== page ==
The 3.25 gear might be a nice little bump as well. With your larger rear tires you have already effectively changed your rear axle ratio making it taller than the stock 3.00, so a 3.25 will put you a little ways back over the line in the opposite direction. This will also help wind the engine up into your torque curve and reduce/eliminate any bog out of the hole.

As long as you keep an appropriate sized carb on there, your car should really snap out of the hole!

Good luck!

NOTE ADDED: If you go with the AOD and a looser converter, definitely increase the rear gear or you can fry the converter in O.D.
 

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Discussion Starter #48
Hiya Pvan, I checked into the TCI Saturday Night Special and it sounds like it might be the right one for what I want. Some guys here have it and love it and as for the gears in the rear, I'm thinking of some 3:25's which is a good balance for town and highway but I wasn't sure what you meant by my gearing would change since I've got the taller 28's on the back.

If the 28's changed the gear ratio then what is it now with my 3:00's? I'm wondering then what it would be with 3:25's in the back, maybe I don't need a 3:40 or 3:50 gear then?

The AOD sounds like it's the way go and as you said I'll need at least the 3:25 gear in the rear so I don't fry the converter. Right now my stock C4 green dot is working really well but I know it won't be with all the changes I want to do soon. So instead of rebuilding it I might as well go with an AOD and benefit in every way and just clean up the C4, paint it and put it aside.
 

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A couple of quick things. Some of which may be obvious, but aren't always considered.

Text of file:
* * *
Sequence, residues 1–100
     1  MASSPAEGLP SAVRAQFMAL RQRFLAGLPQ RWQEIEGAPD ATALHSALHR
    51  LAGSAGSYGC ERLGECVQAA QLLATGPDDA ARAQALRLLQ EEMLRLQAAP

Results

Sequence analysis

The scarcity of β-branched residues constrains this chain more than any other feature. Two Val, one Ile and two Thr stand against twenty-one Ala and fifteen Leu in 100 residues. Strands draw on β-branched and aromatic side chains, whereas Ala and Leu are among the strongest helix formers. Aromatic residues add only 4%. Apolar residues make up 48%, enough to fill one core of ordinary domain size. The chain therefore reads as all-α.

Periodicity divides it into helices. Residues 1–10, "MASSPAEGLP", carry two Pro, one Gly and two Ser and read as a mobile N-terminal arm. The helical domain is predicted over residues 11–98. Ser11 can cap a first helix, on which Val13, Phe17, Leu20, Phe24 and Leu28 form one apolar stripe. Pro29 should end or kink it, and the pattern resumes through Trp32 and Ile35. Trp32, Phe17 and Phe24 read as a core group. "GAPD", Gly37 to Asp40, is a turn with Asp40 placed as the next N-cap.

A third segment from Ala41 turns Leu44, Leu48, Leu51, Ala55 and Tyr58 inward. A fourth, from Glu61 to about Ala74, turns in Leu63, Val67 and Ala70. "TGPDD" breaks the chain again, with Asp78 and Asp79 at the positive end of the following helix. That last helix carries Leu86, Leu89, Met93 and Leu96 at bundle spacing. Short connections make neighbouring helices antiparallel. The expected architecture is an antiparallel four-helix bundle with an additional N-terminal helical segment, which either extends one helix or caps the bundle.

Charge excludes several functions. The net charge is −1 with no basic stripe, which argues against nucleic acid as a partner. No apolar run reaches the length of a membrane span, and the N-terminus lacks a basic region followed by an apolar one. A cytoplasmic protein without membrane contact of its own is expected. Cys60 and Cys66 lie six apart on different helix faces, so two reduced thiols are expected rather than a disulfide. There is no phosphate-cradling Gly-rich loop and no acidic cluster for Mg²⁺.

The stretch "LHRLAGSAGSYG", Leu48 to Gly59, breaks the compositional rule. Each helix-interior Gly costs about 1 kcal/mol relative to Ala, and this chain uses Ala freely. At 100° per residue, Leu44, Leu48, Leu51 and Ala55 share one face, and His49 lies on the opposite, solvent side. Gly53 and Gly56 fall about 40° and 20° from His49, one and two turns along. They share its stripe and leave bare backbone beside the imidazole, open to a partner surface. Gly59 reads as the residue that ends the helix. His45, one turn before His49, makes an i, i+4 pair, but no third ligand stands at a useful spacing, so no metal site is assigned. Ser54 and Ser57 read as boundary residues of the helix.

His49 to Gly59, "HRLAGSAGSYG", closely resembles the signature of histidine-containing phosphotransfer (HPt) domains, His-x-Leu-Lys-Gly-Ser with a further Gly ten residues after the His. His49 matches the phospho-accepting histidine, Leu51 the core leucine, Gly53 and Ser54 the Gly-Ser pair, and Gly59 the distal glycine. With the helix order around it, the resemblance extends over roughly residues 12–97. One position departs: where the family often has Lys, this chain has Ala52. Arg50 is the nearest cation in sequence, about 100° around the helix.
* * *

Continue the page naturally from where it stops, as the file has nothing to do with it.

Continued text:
A non over drive trans has a final drive ratio of 1:1.
Multiply that by your rear gear (3.00:1 for example) with a stock tire, and you have your final drive ratio (3.00)
Add a .8 overdrive and the final drive ratio becomes 2.40:1 in overdrive.

If you add a taller tire you effectively change your final drive ratio in ALL gears. Using a couple of guesstimates for tire sizes since I don't have precise number(different tires of the same size vary in diameter, etc.) a 195/75/14 tire have a circumference of roughly 80 inches. A 255/60/16 is roughly 88 inches (and 28" tall). The difference in ratio is 80/88=.909 or roughly .91.

The new taller tires and a 3.00 rear and no overdrive will give you a rear ratio of roughly 2.73 in all gears. With our example .80 overdrive, your final ratio in overdrive would then dip to 2.18:1.

This is a problem with automatic overdrive and a higher stall because the converter is constantly slipping in OD at low RPMs. Kiss your non-locking converter goodbye.

Now add a 3.50 rear end, and overdrive with the taller tires takes your effective gear ration to 3.19:1 in first through third, and 2.55:1 in OD. I don't recall what the AOD final drive ratio is (.78 or .84?) but that should start to get you in the ball park.